Photo of a flower giving out light

The only way to get off the endless cycle of rebirth after rebirth after rebirth is to realize the ultimate nature of reality, and to let go of our ignorance of the way things are. (Photo by Hartwig HKD)

Somehow in this life, this human rebirth, we have been able to meet the teachings again. We have the amazing fortune to have met qualified teachers. Somehow the teachings have resonated with the seed of spiritual aspiration of faith in us and for just this flash of a moment we have an opportunity again to create the causes to meet the teachings again.

And why did we do that? Because the only way out of this cycle is through cultivating our wisdom. The only way to get off the endless cycle of rebirth after rebirth is to realize the ultimate nature of reality, and to let go of our ignorance of the way things are.

And so, for this month, we have a chance to deepen our understanding of all that and to deepen our relationship with Manjushri, the manifestation of the Buddha’s wisdom mind, the manifestation of the enlightened minds of all the buddhas, their wisdom coming together in this deity of Manjushri.

In all of these rebirths in every realm, every time, life after life, we have had a mother. For 1,000 years, 10,000 years, 100,000 years, a million years, endlessly we have been born by a mother who cared for us. We know of the hungry ghost mother who, at the time of the Buddha, in her attempt to feed her five hundred starving children, was killing human beings left and right.

We have seen the kindness of animals in relationship to their children. A mother will sacrifice her own life when she and her child are being hunted. Mothers of all varieties will make sure that their children are fed, will do whatever they can to protect. And the same thing happened to us in this life. We know that or we wouldn’t be here. Our own mother, or some caretaker, somebody, made sure we were warm, made sure that we were fed. When we burned up with fever, somebody worried intensely, trying to understand what to do. When we cried through the night, someone, a mother or some kind somebody, held us and rocked us until we were soothed.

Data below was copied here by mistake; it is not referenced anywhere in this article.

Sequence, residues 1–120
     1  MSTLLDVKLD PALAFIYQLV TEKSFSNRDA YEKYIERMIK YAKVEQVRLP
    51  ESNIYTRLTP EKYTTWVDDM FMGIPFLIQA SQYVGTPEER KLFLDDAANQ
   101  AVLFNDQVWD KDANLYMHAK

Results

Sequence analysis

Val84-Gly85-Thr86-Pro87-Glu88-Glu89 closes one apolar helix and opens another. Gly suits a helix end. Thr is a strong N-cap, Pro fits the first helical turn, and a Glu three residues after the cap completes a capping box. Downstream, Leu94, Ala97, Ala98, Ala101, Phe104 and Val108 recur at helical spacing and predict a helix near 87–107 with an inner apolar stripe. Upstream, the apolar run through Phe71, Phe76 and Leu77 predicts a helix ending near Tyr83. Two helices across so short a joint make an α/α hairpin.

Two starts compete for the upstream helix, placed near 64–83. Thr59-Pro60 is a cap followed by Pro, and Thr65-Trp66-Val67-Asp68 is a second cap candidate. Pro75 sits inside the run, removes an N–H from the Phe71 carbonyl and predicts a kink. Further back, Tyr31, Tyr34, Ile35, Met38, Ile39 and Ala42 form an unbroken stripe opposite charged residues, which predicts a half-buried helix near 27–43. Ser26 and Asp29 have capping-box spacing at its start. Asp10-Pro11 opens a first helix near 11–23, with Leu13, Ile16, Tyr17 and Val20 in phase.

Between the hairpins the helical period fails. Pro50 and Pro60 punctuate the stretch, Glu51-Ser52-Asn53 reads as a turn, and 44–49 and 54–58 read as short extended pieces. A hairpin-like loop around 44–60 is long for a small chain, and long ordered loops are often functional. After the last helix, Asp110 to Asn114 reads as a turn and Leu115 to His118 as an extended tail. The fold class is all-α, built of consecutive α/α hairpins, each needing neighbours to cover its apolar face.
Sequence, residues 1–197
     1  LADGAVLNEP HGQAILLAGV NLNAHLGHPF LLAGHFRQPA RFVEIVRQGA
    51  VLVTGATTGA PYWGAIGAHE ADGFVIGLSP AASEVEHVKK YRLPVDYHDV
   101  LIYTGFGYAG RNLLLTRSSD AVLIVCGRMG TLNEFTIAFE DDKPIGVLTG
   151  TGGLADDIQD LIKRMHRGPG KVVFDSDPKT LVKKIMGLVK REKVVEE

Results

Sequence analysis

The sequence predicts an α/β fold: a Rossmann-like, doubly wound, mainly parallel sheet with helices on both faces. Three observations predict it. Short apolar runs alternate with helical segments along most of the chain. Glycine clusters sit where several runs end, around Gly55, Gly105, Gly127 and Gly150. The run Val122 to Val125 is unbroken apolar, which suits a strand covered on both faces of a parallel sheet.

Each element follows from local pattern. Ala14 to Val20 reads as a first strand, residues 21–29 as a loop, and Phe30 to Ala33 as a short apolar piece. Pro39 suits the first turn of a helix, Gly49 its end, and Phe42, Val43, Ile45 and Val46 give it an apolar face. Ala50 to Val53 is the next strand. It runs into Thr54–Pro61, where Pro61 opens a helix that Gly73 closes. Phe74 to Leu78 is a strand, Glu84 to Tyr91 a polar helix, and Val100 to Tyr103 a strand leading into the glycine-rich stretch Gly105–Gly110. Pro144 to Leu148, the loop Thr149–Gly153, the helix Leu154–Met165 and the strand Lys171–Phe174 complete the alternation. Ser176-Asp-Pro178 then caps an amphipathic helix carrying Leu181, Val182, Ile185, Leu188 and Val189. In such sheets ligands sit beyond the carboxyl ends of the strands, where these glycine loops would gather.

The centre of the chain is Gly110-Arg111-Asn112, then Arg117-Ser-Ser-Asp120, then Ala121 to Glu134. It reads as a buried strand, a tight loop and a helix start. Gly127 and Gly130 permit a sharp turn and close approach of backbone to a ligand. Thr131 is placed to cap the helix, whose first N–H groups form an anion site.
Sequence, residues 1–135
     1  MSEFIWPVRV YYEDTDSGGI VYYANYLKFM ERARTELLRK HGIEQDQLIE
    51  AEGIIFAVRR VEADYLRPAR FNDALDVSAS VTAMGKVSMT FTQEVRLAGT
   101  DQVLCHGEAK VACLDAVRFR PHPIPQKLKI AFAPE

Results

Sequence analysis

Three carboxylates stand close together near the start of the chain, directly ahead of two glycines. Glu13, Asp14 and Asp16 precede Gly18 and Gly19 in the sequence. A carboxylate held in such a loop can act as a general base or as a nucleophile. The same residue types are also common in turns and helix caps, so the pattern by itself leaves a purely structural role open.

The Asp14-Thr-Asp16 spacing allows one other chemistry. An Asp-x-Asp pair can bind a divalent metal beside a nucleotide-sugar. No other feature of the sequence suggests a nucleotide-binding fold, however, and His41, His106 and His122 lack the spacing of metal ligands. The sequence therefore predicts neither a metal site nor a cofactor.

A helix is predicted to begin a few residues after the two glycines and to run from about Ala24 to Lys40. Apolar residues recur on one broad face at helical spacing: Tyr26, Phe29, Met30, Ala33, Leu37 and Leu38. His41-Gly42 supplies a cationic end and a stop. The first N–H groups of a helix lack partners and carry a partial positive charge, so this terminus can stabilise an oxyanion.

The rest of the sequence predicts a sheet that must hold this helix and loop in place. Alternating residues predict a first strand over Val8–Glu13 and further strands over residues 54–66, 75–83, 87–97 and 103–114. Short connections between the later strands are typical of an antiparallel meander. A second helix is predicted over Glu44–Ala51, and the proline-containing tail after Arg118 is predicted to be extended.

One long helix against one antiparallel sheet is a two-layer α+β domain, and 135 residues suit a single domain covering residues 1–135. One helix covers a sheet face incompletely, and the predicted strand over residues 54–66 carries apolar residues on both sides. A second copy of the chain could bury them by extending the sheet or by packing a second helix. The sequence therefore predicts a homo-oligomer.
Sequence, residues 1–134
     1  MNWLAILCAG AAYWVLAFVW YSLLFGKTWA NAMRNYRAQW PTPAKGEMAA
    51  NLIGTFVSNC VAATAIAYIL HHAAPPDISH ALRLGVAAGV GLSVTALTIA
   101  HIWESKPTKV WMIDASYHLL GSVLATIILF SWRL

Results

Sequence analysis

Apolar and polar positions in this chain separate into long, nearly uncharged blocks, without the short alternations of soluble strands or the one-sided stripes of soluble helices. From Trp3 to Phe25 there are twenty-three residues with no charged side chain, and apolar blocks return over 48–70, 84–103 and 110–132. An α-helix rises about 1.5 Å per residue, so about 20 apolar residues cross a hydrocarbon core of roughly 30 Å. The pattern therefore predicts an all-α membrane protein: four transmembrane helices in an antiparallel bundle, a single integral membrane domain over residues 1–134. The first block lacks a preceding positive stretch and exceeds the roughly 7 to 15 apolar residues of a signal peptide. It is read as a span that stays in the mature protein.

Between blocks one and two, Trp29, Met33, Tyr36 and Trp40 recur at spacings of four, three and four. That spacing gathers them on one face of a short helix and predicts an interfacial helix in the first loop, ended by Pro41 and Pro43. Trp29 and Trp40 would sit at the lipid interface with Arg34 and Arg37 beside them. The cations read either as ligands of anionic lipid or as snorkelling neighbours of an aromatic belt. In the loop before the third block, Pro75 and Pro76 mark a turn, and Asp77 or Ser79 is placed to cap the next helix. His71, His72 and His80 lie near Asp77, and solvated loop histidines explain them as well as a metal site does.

Someone made sure that we learned to stand up. They began to mimic sounds in our faces so that we would learn to talk, answered our endless questions about why things were the way things they were, encouraged us, guided us. Really it’s due to that kindness that we’re alive right now. If we think of all the endless rebirths, the endless mothers, actually it’s not so hard to think that every single being could have been our mother. Every person in this room has been our mother and, in every single instance, that mother has been incredibly kind, unbelievably kind, has given us so much.

Let’s think now about them too, our countless mothers taking rebirths since beginningless time, over and over, living as hungry ghosts, living as sea creatures on the bottom of the ocean forever, and so on. All of these existences are in the nature of suffering, every one of them. So our hearts open up to them too. And through the kindness of our mothers, the kindness of our teachers, the kindness of more beings than we can ever imagine, here we sit in the meditation hall at Sravasti Abbey with an opportunity to spend 30 days on this practice with Manjushri, developing our own wisdom, developing our compassion, creating the causes to get ourselves out of this cycle of existence.

We know getting ourselves out is not sufficient, really. It hardly seems fair because all of these kind mothers who have been with us since beginningless time also deserve to be happy. We have the capacity to help them out of that suffering, not right now, not right this minute, but every one of us has the potential to become a completely enlightened Buddha, as does every one of them. And so, right now, with this opportunity, we make a determination to use every single moment that we’re here, thinking about all of our mothers, thinking about our own wish to be free of this cycle of existence and we dedicate this whole practice, every bit of it, to the complete liberation and enlightenment of ourselves and all of those beings.